Lauren Gifford, PhD is a human-environment geographer who has studied REDD+, climate policy and forest conservation in the Amazon and beyond since 2007. She submitted this guest post looking at the implications of the fires in the Amazon rainforest for REDD.
The Amazon fires mark the end of REDD+
By Dr. Lauren Gifford, 27 August 2019
As the Amazon rainforest burns, and reaches what some scientists have called a “tipping point,” beyond which it might never recover, it is time to unequivocally call an end to the experiment that is REDD+, the development mechanism designed to offset carbon dioxide pollution via investment in tropical forest conservation. The attempt to Reduce Emissions from Deforestation and Degradation has failed.
The fires in the Brazilian Amazon are, in part, typical forest ecosystem processes, as some forest experts have shared. But they are also the product of complex political economic forces, led by a money- and power-hungry, anti-Indigenous political regime. We must not overlook the political rhetoric that has provoked violence on this invaluable ecosystem, and the people who depend on it for survival.
Since taking office January 1, Brazilian president Jair Bolsonaro has widely incited anti-indigenous sentiment. He has spoken about the value of the resources in the Amazon, and positioned indigenous and forest dependent communities as obstacles to resource extraction and capital accumulation. He has denied indigenous land tenure claims and encouraged the murder, abuse, and violent displacement of indigenous communities. The fires we see burning are the direct result of Bolsonaro’s encouragement of extractive industries to take what they want; the fires are the primal image of state-sponsored disregard for the culture, ecology, and biodiversity of the Amazon. They are the embodiment of capitalism and fascism run amok.
REDD was designed to incentivize landholders to maintain forests in exchange for payments that eclipsed profits from deforestation and subsequent land uses, like agriculture or grazing. But REDD was never designed to combat widespread state-sanctioned violence. If the people who manage the forests are dead or dispossessed, who is left to protect the land from development and extractivism?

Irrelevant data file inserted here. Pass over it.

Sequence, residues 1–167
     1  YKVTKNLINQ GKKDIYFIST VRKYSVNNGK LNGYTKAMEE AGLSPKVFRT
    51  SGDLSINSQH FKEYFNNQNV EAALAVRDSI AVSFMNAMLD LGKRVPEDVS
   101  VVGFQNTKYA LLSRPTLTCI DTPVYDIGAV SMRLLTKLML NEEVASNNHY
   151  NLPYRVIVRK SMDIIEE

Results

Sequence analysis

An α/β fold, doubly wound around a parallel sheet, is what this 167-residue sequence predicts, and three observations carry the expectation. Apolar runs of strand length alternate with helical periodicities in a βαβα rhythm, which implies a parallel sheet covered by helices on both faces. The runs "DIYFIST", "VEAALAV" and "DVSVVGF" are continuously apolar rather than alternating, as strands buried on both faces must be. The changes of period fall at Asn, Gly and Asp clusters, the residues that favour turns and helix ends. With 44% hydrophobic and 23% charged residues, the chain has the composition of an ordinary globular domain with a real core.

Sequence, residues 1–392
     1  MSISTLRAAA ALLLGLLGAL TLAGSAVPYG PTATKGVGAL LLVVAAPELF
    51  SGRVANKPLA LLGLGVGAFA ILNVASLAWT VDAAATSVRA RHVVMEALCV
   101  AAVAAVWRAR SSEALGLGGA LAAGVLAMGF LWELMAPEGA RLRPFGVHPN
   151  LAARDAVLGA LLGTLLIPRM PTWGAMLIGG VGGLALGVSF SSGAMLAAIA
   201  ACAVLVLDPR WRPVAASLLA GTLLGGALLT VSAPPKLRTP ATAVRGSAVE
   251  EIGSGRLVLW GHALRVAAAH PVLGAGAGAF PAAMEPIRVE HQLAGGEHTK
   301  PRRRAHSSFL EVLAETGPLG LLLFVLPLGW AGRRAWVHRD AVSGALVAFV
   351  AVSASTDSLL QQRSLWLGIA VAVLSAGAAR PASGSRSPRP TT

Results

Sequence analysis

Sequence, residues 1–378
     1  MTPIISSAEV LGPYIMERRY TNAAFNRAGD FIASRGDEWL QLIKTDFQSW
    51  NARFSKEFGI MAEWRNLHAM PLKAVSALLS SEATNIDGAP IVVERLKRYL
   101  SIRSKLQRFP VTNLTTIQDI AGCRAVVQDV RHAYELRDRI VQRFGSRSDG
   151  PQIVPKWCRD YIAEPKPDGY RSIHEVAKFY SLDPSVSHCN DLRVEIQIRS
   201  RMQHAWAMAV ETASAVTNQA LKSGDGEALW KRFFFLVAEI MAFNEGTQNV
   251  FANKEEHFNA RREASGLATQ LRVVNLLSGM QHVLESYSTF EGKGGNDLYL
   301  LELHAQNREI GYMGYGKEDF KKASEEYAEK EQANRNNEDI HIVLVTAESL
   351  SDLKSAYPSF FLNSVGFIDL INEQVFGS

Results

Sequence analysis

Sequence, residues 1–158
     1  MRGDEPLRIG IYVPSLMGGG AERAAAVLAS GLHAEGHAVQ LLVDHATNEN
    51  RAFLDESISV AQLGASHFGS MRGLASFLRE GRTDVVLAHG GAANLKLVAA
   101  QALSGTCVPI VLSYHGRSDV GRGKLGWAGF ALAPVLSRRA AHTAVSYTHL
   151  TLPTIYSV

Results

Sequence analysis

The Amazon fires are a brutal exposure of the fallacy of REDD to protect forests and sequester rogue carbon. Continued engagement with REDD exposes NGOs and governments as strictly motivated by the business of development – the redistribution of capital under the guise of virtue – and less concerned with climate action, and protecting forests and the communities that depend on them. NGOs increasingly tag on “co-benefits” to REDD projects, where conservation finance is spent on a range of pet projects involving gender equity, community-based forestry, or improved local livelihoods. But these are development projects, and research by myself and others have shown they do little to address climate change or carbon sequestration.
The Promise of REDD
About 12 years ago REDD was embraced by the global climate policy community as an environmental development mechanism that would serve the dual goals of protecting endangered tropical forests while addressing atmospheric carbon concentrations. Polluters would invest in forest conservation, which would protect against deforestation and forest degradation which, in turn, would foster increased carbon sequestration, therefore removing climate change-causing carbon from the atmosphere. Each ton of carbon is accounted for, valued and credited, and the sequestered forest carbon traded on international carbon markets – allowing polluters to balance their regulatory carbon budgets, or boast about taking steps towards carbon neutrality. Maps of above-ground live carbon sinks (i.e. trees) circulated showing Brazil as “the Saudi Arabia of live carbon,” as one of my grad school professors called it, alluding to how much money could potentially circulate from pricing and selling Amazon forest carbon credits.